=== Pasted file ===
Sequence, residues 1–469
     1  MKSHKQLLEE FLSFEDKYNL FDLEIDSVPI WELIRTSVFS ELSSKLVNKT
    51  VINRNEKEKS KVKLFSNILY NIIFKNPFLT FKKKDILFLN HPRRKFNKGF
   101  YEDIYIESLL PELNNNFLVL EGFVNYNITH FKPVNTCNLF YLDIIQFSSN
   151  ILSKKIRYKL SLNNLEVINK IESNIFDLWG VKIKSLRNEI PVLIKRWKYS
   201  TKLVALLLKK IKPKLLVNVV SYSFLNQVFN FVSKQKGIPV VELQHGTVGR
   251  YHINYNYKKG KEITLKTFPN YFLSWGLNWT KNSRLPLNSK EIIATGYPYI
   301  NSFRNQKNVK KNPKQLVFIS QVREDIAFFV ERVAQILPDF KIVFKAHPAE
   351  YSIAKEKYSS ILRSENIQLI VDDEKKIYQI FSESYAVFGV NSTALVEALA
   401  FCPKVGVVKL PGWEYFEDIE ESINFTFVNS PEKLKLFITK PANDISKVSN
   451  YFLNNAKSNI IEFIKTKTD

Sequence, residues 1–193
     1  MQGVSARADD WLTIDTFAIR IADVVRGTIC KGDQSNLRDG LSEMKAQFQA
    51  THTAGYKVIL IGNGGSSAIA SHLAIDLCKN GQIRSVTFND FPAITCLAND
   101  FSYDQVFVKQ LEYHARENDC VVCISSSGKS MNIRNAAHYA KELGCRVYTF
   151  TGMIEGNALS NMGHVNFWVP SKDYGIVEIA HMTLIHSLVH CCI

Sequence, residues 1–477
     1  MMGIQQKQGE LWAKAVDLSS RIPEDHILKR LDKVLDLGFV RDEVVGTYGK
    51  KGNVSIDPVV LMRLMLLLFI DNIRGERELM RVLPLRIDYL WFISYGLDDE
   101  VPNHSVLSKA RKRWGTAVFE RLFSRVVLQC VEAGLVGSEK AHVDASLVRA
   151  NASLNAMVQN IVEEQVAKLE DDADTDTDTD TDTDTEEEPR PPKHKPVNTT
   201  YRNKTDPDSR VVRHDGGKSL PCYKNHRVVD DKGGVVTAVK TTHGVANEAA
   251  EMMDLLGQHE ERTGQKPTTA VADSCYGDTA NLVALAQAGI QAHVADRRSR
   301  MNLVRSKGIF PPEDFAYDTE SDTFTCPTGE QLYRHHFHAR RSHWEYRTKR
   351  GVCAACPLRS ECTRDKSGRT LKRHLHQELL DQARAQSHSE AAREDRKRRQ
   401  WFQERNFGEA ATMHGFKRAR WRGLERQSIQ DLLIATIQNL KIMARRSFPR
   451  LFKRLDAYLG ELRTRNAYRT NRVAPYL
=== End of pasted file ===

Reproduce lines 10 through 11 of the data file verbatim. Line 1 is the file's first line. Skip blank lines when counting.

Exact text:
   401  FCPKVGVVKL PGWEYFEDIE ESINFTFVNS PEKLKLFITK PANDISKVSN
   451  YFLNNAKSNI IEFIKTKTD